Google Apps Script – How to make a Custom Function to Use in Google Sheets

Google Apps Script: Custom Functions, Google Sheets

Google Sheets has a vast library of functions (or formulas) you can use to get your Spreadsheet tasks done. However, there are some instances when you want a specific function that is not available in Google Sheets or wants to make a simplified version of some combined function to make life easier for your users. Fortunately, Google has your back with Google Apps Script.

Before we start, Google does a pretty great job explaining the basics of creating a custom function. However, when it comes to explaining how to add all that information that goes into a function when you type it into Sheets it is a bit vague.

Custom Function Decorators Google Apps Script

Let’s look at the creation process through a recent example I created:

The Example – RANDALPHA

In our example custom function, RANDALPHA, we want to create a random string of any number of characters in a designated cell. We also let the user decide if they just want a purely alphabetic string of random numbers, one that is alphanumeric or one that is alphanumeric with the addition of characters.

Once the  RANDALPHA function is saved to the spreadsheets attached Google Script in Script Editor, it is indexed with all the other functions (formulas) in Google Sheets for your specific sheet.

Custom Functions Are Indelible - Google Sheets

Just like when you add values to a regular function in Google Sheets, you can create a list of descriptors and examples for your Custom Function to help the user.

Custom Function Example Google Sheets

Plugging in a length value and then selecting the type of random string you want will result in the following examples:

RANDALPHA Examples Complete

The Code

The Function

All custom function must return a value. There are some limitations to what the custom function can return and it is important to consult the documentation before you plan to create a custom function.

Let’s jump to line 10, the start of the function. As you can see, the RANDALPHA function takes two parameters (or arguments). The first one is len or the length of the random string you want. The second parameter is num or the number reference for the type of random sequence you want.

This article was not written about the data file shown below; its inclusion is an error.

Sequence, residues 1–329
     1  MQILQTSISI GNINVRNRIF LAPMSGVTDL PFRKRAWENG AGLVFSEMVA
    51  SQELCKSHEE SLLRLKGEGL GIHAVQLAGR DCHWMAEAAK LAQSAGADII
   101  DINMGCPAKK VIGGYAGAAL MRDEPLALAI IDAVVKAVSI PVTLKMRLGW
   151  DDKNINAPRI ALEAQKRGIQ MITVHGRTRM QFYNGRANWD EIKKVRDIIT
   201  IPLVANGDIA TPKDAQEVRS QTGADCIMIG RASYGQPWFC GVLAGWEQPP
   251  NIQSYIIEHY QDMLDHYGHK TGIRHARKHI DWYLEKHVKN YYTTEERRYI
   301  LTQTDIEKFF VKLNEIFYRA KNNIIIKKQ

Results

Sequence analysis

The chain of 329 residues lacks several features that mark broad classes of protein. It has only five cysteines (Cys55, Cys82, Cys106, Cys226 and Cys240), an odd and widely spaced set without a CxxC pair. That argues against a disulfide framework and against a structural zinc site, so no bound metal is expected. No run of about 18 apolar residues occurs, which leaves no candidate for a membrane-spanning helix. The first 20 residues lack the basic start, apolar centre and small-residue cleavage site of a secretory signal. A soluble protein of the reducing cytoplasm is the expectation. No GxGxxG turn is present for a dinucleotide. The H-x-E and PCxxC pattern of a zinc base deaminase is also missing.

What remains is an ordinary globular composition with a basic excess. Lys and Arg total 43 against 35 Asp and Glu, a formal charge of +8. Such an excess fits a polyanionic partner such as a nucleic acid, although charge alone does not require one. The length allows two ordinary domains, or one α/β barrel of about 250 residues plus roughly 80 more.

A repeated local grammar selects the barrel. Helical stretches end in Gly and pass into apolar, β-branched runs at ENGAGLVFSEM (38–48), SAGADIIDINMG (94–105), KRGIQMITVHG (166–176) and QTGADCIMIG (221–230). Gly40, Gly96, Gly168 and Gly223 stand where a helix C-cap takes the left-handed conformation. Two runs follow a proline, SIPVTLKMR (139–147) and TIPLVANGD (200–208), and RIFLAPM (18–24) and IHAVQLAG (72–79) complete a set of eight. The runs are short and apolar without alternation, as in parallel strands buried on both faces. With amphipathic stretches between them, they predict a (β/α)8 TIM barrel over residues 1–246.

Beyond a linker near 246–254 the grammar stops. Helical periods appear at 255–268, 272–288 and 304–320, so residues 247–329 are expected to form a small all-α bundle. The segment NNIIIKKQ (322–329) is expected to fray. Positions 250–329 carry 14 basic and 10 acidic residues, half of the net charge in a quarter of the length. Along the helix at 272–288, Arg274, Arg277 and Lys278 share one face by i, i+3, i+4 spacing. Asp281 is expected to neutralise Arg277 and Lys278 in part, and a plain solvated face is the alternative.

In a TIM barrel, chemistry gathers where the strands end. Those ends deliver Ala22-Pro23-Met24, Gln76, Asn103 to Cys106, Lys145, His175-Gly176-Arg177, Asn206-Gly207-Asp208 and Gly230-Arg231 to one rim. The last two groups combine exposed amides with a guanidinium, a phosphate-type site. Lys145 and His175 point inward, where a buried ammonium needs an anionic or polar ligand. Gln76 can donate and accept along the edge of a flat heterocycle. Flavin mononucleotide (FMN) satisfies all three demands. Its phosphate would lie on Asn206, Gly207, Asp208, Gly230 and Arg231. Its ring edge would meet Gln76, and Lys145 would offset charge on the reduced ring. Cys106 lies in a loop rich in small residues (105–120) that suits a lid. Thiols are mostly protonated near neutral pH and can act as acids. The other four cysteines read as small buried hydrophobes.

function RANDALPHA(len, num)

We then set an empty string variable on line 11. Our code will be adding to this and returning the desired value or returning an error.

On line 16, the charString variable holds a string of all the letter, numbers and characters we will be using to create our random sequence.

charStringRange (line 17), is an empty variable that will take a specific selection of characters in the charString depending on the selected num case in switch( lines 18-32).

In case 0 of switch, we create a substr starting at the zeroeth character, running 52 characters long until it reaches the end of the uppercase and lowercase letters.

var charString = "ABCDEFGHIJKLMNOPQRSTUVWXYZabcdefghijklmnopqrstuvwxyz0123456789!@#$%^&*()<>-=_+:;";

Case 1 (lines 25-28) sets the charStringRange to include the numbers.

var charString = "ABCDEFGHIJKLMNOPQRSTUVWXYZabcdefghijklmnopqrstuvwxyz0123456789!@#$%^&*()<>-=_+:;";

Case 2 (lines 29-32) use the full length of the charString in the charStringRange.

var charString = "ABCDEFGHIJKLMNOPQRSTUVWXYZabcdefghijklmnopqrstuvwxyz0123456789!@#$%^&*()<>-=_+:;";

?You can support me for free by using this Amazon affiliate link in your next tech purchase :Computers & Stuff! ?

I’ve numbered our switch cases starting at zero to match the standard practice in Google Sheets.

The final choice for switch is the default, which will catch any other instance and, in our case issue an error warning.

Lines 38-42 is the core of our custom formula. Which randomly selects a character in the charStringRange (charAt) by multiplying the length of the string by a random number between 1 and 0 (Math.random()) and then rounding down this number (Math.floor).Finally this character is added sequentially to the text variable for the desired length of character (len) before being returned to the cell in the Google Sheet.


Error Handling

Error handling for custom functions is not 100% similar to Google Sheets built-in functions. The trailing information of the custom function error leaves a code line reference, which is irritating. The only other workaround is to simply create the Error message as a returned value – I opted for this in the original version of the RANDALPHA function.

Nevertheless, to create an error message for your custom function, simply:

throw New error("Error message")

I have done this for the RANDALPHA custom function in three locations.

1. To check if both our len and num parameters are numbers. On line 14, we run a short if statement to determine if len and num are numbers by using the typeof operator. If the typeof variable in len or num does not equal a number then we return “Not a Number” to the spreadsheet cell.